5 likely changes in social security over the next 10 years | Personal Finance

(Keith Speights)

Sam Cook made no reference to Social Security in his classic song “A Change Is Gonna Come.” However, the sentiment certainly seems to apply to the federal program.

The reality is that Social Security cannot stay the same without hefty benefits. But the US Congress is unlikely to face the ire of seniors if they let that scenario happen.

What specific changes to Social Security can be made? The smart money would be on the ideas that have the most support among both Democrats and Republicans.

In June, the University of Maryland’s public consultation program released the results of a survey that identified the most popular steps to avoid a Social Security deficit. Here are five likely changes to the program over the next 10 years based on the survey’s findings.

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1. Increase the salary ceiling for payroll tax

Both Democrats and Republicans in the University of Maryland survey were particularly fond of one idea to solve Social Security. An overwhelming majority — 81% — of survey respondents supported an increase in the salary cap for the payroll tax that funds Social Security. The proposed change was favored by 88% of Democrats and 79% of Republicans.

Currently, only wages up to $147,000 per year are subject to payroll taxes. The proposal in the study is to make all wages over $400,000 a year taxable as well. This would eliminate about 61% of the expected social security deficit.

Whether or not lawmakers will eventually go with the $400,000 threshold remains to be seen. However, with this idea gaining significant bipartisan support from the American public and making a big difference in strengthening Social Security, it seems close to a slam-dunk change at some point in the not-too-distant future.

2. Reduce the benefits for high earners

Richer Americans may have another hit up their sleeve. Eighty-one percent of respondents thought it was a good idea to reduce benefits for high earners. Democrats were more in favor of the alternative, with 86% support, compared to 78% of Republicans.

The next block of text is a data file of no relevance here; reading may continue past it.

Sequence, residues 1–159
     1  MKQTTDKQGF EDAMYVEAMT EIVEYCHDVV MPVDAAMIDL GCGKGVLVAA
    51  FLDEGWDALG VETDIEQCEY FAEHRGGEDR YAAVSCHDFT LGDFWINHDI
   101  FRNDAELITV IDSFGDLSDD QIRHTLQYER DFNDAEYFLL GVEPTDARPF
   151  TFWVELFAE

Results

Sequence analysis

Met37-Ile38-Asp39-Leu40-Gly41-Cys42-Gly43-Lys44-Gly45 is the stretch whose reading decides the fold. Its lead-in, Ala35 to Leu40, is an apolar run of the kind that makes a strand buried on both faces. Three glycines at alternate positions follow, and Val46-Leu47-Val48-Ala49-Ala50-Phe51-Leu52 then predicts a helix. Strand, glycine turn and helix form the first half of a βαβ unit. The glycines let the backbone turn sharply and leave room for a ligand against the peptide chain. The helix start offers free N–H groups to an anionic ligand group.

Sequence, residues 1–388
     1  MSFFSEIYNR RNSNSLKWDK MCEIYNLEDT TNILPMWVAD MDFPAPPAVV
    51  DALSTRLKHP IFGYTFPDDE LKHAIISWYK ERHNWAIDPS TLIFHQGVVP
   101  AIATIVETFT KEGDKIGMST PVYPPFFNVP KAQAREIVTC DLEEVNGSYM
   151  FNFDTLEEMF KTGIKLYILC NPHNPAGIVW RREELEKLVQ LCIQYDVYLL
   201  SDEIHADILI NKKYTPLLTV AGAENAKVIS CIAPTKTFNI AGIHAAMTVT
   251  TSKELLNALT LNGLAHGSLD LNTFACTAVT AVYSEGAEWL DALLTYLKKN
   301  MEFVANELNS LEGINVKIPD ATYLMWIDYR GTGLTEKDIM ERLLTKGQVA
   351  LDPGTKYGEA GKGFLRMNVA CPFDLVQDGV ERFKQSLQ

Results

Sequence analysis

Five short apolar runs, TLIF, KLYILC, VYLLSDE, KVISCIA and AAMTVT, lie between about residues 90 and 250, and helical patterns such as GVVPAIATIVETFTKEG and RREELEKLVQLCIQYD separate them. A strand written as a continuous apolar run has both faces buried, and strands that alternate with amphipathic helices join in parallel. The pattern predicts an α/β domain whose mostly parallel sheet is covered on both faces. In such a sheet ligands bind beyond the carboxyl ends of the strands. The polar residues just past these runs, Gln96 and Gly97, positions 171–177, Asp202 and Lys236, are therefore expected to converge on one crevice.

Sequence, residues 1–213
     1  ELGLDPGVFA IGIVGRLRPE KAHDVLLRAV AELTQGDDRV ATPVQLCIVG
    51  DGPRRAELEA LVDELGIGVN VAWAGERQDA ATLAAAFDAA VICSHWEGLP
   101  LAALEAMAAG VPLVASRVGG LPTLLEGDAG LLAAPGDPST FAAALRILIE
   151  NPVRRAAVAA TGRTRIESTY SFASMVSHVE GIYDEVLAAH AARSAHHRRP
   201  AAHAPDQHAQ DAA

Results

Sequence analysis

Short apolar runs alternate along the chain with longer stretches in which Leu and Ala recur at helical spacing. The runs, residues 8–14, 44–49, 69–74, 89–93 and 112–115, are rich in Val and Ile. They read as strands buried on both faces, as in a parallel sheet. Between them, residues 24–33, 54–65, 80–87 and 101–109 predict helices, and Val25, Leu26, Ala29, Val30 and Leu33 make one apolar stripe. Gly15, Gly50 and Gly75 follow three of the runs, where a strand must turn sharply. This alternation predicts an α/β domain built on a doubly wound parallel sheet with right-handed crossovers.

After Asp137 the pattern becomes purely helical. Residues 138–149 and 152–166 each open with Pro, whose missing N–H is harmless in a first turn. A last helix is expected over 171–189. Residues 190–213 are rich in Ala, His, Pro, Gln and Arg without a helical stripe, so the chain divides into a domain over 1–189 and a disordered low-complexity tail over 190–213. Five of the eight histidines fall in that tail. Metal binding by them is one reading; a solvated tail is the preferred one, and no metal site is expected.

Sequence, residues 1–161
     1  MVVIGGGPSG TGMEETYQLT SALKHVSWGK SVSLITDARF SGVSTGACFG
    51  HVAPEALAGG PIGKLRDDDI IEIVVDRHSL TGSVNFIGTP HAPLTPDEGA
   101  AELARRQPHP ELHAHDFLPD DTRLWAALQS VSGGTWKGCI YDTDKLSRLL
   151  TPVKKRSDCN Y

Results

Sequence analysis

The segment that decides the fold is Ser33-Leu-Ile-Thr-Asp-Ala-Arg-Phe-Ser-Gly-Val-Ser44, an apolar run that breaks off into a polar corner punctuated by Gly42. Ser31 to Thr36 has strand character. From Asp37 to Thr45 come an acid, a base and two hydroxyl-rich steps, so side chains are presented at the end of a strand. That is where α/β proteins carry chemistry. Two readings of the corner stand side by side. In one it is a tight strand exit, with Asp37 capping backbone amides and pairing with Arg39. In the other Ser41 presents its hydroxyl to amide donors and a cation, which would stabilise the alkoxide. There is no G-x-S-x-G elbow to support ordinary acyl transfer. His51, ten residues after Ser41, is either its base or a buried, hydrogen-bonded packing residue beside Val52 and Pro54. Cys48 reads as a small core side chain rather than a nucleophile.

Who would be considered a high earner under this plan? The question of the survey asked about lowering benefits for the top 20% of earners. If implemented, this plan would eliminate nearly 11% of the projected Social Security deficit.

3. Raise Retirement Age

Democrats and Republicans are almost equally supportive of raising the retirement age. Seventy-six percent of Republicans favor the plan, while 76% of Democrats like it.

This is of course not a new idea. In 1983 the full retirement age was raised from 65 to 67. The change was phased in, with a higher age for everyone born in 1960 and later.

The University of Maryland research suggested raising the retirement age by one year to 68 years. This change would wipe out 14% of the projected Social Security deficit.

4. Increase payroll tax

Seventy-three percent of the respondents were in favor of an increase in the payroll tax. Democrats liked the idea slightly more than Republicans, with 78% and 70% support from the two groups, respectively.

However, we are not talking about a huge increase. The proposal in the study was to increase the payroll tax from 6.2% to 6.5%. However, that relatively modest change would have a significant impact. It would make up about 16% of the projected Social Security deficit.

5. Increase the minimum benefit

Not all of the most popular Social Security changes will help bolster Social Security. Sixty-four percent of the survey respondents were in favor of increasing the minimum benefit. Democrats were more supportive of the idea, with 71% supporting it, versus just 59% of Republicans.

The University of Maryland research suggested increasing the minimum monthly Social Security benefit from $951 to $1,341 for anyone who has worked for 30 years. While this change received broad support, the projected Social Security deficit would increase by 7%.

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